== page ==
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A Guide to Gap Year and Semester OpportunitiesCambria Pilger
As the spooky season approaches, we're scrambling to adjust our traditions so they line up with public health and safety requirements about masks, social distancing and the size of gatherings.
Luckily, there are still so many different ways to celebrate Halloween. Here are ideas for all ages — share them with your college student, and plan some fun for your own household or neighborhood.
Did you do Boo Bags with friends and neighbors when your kids were little? The idea was to leave a bag or bowl of Halloween toys and treats at someone's door after dark, ring the bell and run away before they could see you. Having been booed, it was then your turn to "boo" someone else. Good, clean and slightly spooky fun!
Well, Boo Bags are back and better than ever, and this is an easy way for your student to celebrate in their dorm or off-campus housing.
Anyone can start the boo-ing, or your student may want to "boo" everyone on their hall or in their house by dropping off goodie bags full of candy, knick knacks or whatever else they can think of. They might even want to challenge their friends to do the same.
Your household could have a blast creating personalized bags for your neighbors, and possibly include invitations to dress up and have a picnic at a local park together. Include Halloween decorations like fake cobwebs or toy spiders — invite a little friendly competition to see who can decorate their front door best!
Needless to say this is the year when people will be incorporating masks into their Halloween costumes in both traditional and unexpected ways. There are sure to be skeleton and plague-themed masks, Día de Muertos (Day of the Dead) masks, and masks inspired by The Purge (a series of dystopian horror movies), as well as of course character costumes that were meant to have masks to begin with.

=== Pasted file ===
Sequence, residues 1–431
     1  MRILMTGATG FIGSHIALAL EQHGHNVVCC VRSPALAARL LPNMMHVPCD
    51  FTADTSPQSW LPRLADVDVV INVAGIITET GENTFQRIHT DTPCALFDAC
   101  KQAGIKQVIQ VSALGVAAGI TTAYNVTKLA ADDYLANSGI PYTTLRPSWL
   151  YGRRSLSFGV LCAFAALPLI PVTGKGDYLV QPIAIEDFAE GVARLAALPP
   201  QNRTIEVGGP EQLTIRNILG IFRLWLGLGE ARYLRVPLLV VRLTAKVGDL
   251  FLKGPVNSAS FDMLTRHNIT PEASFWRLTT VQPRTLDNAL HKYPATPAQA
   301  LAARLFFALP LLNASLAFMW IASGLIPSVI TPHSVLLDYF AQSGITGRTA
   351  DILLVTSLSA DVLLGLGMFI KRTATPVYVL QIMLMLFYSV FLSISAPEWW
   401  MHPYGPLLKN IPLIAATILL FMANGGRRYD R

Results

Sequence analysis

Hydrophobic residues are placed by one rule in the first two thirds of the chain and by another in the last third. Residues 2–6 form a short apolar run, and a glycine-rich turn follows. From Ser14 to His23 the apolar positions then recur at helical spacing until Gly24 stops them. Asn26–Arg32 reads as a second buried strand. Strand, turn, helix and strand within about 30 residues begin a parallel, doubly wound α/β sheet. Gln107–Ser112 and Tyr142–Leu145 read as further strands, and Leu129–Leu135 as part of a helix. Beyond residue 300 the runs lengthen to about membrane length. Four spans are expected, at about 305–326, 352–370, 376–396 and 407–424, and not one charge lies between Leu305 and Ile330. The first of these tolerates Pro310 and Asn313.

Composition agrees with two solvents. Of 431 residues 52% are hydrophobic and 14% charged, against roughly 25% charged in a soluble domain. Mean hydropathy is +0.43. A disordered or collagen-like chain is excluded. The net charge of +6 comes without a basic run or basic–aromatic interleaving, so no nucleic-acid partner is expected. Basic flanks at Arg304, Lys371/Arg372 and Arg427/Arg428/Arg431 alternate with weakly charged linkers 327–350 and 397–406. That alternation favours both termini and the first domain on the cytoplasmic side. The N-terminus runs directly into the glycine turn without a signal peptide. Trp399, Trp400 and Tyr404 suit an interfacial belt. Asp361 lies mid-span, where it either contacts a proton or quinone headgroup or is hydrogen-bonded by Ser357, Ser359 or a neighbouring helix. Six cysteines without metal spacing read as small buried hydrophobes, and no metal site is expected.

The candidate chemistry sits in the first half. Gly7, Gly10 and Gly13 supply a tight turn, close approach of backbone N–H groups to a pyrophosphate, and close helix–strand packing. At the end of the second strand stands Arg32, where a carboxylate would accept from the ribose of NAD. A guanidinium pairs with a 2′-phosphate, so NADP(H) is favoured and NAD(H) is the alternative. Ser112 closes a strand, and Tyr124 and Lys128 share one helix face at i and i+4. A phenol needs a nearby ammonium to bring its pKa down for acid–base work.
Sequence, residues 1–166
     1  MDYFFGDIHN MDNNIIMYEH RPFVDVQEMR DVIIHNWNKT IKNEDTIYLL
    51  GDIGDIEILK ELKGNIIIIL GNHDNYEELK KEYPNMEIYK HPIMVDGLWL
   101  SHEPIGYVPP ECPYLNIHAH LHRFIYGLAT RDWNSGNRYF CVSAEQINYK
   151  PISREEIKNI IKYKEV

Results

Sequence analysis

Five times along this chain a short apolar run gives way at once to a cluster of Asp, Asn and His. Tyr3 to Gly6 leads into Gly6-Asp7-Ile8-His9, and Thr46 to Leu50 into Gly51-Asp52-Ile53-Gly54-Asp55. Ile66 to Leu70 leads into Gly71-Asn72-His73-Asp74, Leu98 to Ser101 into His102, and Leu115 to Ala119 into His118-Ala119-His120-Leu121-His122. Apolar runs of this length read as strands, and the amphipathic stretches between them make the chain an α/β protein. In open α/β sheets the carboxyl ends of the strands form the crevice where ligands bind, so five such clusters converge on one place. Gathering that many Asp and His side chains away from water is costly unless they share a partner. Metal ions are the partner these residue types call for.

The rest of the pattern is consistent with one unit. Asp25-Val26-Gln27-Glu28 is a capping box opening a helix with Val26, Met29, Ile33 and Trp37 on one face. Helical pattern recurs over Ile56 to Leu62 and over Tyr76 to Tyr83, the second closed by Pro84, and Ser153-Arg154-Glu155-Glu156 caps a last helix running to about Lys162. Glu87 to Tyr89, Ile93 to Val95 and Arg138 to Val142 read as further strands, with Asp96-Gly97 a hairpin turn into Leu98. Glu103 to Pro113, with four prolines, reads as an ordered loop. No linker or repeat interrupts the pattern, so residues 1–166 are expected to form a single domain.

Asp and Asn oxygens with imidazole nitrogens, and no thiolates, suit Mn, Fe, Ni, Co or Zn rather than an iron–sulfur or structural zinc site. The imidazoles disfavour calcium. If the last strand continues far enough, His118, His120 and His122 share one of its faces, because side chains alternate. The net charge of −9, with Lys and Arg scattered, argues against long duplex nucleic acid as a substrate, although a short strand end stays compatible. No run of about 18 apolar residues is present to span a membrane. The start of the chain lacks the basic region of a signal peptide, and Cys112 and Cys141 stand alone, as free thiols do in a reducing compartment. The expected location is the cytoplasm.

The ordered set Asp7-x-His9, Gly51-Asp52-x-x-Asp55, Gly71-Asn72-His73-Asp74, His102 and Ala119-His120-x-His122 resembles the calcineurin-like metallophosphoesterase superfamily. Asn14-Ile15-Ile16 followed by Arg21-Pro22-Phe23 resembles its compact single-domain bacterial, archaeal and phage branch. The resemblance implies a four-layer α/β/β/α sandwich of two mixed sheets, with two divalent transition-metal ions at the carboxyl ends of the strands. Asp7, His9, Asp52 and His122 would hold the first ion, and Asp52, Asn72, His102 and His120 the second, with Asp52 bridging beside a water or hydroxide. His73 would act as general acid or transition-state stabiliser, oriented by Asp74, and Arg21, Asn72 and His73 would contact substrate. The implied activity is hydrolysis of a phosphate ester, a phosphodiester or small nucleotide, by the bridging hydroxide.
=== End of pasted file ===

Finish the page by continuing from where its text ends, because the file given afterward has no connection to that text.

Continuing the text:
If you haven’t jumped on the trend of making your own masks or personalizing store-bought masks, here's your opportunity. Take it as a challenge to wander a little bit out of your comfort zone with your costume this year!
(At least we'd like to think they do!) Whether you’re a seasoned pet costume designer or a novice pet parent with your heart set on embarrassing the new member of your family, start now to find or create the perfect costume for your animal companion.
If you’re anything like my roommate and me, you’ll be planning your whole ensemble around your pet’s costume (our puppy bears a striking resemblance to Dobby, the house elf from Harry Potter). But if you've already picked out your own costume, see if you can incorporate your furry little friend into the fun!
Check out this list of doggy costume ideas. Maybe the neighborhood pets want to join in, too! A costumed pet parade around the block is sure to be a Halloween holiday highlight for everyone involved.
It’s that creepy, crawly time of year again when you want to cuddle up and binge your favorite Halloween movies. Make a list of your household’s favorites and make a night of it. Dress up in costumes (or animal onesie pajamas) and prepare some themed movie snacks. Don’t forget to stock up on your favorite Halloween candy beforehand, too.
Take advantage of the brisk fall air to visit a local pumpkin patch with your friends. Because it can be a safe and socially distanced activity, some are still offering corn mazes and hay rides as well as pumpkins in every shape and size for your Halloween decor.
Once you've found the perfect pumpkin, invite everyone to a park or backyard to carve Jack o' lanterns together. It can be BYO carving tools, hot cider in a thermos, and whatever else you need to make it festive. Just remember to wear a face covering and maintain social distance while you’re out having fun!
Everybody’s comfort level is different right now, so be sure to communicate with your circle to make sure they’re okay with your plans. However you decide to celebrate, get creative, stay safe and have a Happy Halloween!
Our holiday shopping list is full of awesome ideas that are on trend with what students desire this gift-giving season.